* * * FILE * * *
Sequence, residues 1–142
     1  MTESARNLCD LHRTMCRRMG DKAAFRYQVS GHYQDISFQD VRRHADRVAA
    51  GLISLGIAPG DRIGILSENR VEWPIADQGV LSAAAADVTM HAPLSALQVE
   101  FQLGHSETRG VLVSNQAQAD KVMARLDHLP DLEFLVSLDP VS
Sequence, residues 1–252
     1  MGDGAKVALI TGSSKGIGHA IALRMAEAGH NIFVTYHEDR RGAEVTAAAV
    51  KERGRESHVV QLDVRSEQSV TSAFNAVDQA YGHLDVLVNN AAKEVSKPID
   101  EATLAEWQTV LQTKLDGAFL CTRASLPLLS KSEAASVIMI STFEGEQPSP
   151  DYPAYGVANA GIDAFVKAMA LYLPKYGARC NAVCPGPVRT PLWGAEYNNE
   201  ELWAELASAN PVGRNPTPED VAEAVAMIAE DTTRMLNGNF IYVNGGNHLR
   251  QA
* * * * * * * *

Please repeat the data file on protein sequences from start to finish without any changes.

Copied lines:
Sequence, residues 1–142
     1  MTESARNLCD LHRTMCRRMG DKAAFRYQVS GHYQDISFQD VRRHADRVAA
    51  GLISLGIAPG DRIGILSENR VEWPIADQGV LSAAAADVTM HAPLSALQVE
   101  FQLGHSETRG VLVSNQAQAD KVMARLDHLP DLEFLVSLDP VS
Sequence, residues 1–252
     1  MGDGAKVALI TGSSKGIGHA IALRMAEAGH NIFVTYHEDR RGAEVTAAAV
    51  KERGRESHVV QLDVRSEQSV TSAFNAVDQA YGHLDVLVNN AAKEVSKPID
   101  EATLAEWQTV LQTKLDGAFL CTRASLPLLS KSEAASVIMI STFEGEQPSP
   151  DYPAYGVANA GIDAFVKAMA LYLPKYGARC NAVCPGPVRT PLWGAEYNNE
   201  ELWAELASAN PVGRNPTPED VAEAVAMIAE DTTRMLNGNF IYVNGGNHLR
   251  QA